It’s funny you mention Juan Atkins, because back in the early days of Detroit techno, through into rave and jungle, futurism and sci-fi was everywhere in club music, then it seemed to die off. But lately, a lot of people seem to be picking that up again—like there’s unfinished business or something.
Yeah. Weirdly, it’s a time in music technology where there aren’t big advances. We don’t have anything new! When them lot like Juan Atkins and whoever were doing their stuff back then, they had new synths popping up left right and center that could do things that had never been done before. It was brand new, like, ‘Wow, how’s this thing doing that just from flicking this switch or moving that knob?’ Each new bit of kit changed the sound completely. But then we got software, and it was like, ‘OK, well, we’ve got everything all together inside our computer now, we don’t need all that gear no more. Cool.’ But in the last good few years, a lot of the software just seems to regurgitate other software, other instruments. What landmark is advancing us into doing something else? I’m not saying music is rubbish now, because it isn’t, but maybe this is why we’re regurgitating a lot of things, why we’re going backwards for inspiration. We don’t have a revolutionary thing like they did, something that will make that leap from the acoustic world into the synth world, then into the digital world.
But you’re saying you’re able to take inspiration from technological advances, which might not be changing the way we make music, but they are changing us—changing our brains and our sense of self.
Yes, right. Programs like [British writer Charlie Brooker’s dark sci-fi drama] Black Mirror is not a joke. All these things are really happening—if not now, then soon. It’s real. And it’s exciting. Scary, but exciting as well. I was saying to someone the other day: Go back 20, 30, 40 years, take someone from there, teleport them here, and show them the streets, show them your laptop and stuff—they’d be mind blown. And 40 years from now is going to be that different again, or more. And that’s what interests the shit out of me, so that’s why I started thinking of what we might have in that time, like the headset that’s in the advert video for the album. It’s something I bought in China because it just looks fucking cool. I modified it and sprayed it silver so it looks all high-tech, and I made up this advert where the headset does multiple things. It’s got sensors to your brain, so if you want to make music you just think that shit up and the audio happens, then it goes straight into your music library, and it’s instantly online for people to hear. Or when you’re emailing, the headset reads your mood and changes the colour of your text. If you’re angry it’s red. Greens or yellows are happy—whatever—so you’re getting feedback.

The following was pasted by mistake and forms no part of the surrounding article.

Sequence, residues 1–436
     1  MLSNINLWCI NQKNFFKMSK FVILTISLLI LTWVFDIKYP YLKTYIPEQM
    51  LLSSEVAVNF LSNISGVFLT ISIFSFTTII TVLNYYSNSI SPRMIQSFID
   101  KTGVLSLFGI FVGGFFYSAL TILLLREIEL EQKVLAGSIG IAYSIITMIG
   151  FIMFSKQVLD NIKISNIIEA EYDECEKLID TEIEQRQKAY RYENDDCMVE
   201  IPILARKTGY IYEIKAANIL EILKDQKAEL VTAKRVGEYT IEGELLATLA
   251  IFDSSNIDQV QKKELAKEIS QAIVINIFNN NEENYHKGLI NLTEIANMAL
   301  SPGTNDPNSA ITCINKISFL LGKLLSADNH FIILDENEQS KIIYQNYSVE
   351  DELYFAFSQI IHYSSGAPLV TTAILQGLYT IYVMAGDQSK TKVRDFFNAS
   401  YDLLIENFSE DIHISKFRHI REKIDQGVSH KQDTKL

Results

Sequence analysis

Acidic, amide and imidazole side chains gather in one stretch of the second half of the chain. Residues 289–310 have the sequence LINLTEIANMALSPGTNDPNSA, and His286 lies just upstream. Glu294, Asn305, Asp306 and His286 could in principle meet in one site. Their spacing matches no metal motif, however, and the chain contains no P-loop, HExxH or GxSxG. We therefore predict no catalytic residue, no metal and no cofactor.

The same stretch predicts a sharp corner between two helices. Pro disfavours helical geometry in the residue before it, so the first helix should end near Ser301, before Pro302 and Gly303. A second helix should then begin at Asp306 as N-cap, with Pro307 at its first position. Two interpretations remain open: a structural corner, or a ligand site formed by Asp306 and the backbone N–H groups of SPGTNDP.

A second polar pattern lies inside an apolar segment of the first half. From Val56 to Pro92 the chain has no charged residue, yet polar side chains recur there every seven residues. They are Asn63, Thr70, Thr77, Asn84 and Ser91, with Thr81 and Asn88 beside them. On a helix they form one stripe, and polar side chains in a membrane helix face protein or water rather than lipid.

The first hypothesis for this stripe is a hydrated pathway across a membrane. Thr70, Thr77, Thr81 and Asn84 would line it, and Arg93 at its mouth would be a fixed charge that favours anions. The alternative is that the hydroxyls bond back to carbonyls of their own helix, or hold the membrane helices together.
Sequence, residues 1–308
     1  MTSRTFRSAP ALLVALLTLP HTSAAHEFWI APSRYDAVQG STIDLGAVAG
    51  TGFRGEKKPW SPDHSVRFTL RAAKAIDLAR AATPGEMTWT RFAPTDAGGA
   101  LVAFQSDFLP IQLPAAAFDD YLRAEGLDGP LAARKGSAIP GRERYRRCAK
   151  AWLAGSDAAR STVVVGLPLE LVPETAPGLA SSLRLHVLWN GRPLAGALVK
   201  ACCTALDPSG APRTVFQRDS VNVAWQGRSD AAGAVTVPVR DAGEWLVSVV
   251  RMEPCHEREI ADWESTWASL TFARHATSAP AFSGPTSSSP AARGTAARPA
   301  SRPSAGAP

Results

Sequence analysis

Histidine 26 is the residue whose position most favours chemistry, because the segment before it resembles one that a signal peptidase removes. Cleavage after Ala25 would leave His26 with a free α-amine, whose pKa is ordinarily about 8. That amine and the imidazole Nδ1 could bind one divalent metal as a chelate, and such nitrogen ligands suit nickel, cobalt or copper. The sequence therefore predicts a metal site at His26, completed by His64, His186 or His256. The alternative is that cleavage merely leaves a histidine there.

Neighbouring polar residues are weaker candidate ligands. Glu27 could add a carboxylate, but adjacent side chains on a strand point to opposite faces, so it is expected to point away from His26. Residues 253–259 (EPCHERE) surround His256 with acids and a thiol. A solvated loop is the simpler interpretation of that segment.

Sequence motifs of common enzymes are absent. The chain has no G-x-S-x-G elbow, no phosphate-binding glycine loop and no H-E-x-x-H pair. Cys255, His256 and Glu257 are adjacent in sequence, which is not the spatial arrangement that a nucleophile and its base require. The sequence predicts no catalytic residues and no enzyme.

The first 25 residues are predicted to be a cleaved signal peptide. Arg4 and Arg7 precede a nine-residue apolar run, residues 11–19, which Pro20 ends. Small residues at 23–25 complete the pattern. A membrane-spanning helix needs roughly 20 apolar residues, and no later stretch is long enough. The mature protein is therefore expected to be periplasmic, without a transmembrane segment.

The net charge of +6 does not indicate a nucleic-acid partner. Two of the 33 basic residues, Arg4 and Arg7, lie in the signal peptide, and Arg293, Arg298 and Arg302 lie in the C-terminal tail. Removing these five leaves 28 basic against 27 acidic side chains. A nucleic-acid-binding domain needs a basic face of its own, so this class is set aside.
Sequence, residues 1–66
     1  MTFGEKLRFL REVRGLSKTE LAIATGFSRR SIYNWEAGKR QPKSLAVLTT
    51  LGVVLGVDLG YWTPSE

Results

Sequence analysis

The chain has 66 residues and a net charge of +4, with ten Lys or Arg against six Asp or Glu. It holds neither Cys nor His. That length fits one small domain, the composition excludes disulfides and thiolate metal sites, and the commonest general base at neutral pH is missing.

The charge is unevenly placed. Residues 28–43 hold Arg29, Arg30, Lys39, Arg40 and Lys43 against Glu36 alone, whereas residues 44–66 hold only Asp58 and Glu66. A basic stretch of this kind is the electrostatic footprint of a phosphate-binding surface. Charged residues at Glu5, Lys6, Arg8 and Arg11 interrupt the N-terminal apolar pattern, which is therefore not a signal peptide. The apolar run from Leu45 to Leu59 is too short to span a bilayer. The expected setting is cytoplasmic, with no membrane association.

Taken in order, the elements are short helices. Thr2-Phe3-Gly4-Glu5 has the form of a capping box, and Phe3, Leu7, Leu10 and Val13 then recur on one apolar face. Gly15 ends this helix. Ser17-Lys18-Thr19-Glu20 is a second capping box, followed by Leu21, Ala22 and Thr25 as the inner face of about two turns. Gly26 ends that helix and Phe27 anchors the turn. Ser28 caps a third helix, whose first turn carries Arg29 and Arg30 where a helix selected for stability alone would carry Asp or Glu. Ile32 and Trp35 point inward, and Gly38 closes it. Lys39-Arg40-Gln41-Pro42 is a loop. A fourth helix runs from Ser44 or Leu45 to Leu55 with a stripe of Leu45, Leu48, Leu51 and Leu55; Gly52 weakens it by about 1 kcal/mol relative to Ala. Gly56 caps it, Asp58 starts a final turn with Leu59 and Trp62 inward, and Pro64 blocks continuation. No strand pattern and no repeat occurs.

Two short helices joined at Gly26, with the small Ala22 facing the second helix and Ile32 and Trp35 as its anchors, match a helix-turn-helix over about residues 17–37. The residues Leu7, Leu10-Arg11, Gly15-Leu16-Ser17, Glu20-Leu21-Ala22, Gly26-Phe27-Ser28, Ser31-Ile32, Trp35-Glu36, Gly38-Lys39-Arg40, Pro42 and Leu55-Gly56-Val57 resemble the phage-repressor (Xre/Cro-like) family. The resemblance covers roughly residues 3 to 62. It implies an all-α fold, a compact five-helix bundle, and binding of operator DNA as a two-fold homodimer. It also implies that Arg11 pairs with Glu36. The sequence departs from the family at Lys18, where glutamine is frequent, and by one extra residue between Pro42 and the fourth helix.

This happens already! There are posture detectors, or tone detectors, that can spot your mood and nudge you if you’re hunched and angry.
There you go! The future is happening. So, this stuff is what’s interesting me. I made this headset up, and it’s from this company [Hi:Emotions] which plans to take over all technology. So Apple will be gone, Google will be gone, you’ll only have [Hi:Emotions], and by the end of it, you’ll just be living in virtual reality. Which is exactly what’s going to happen.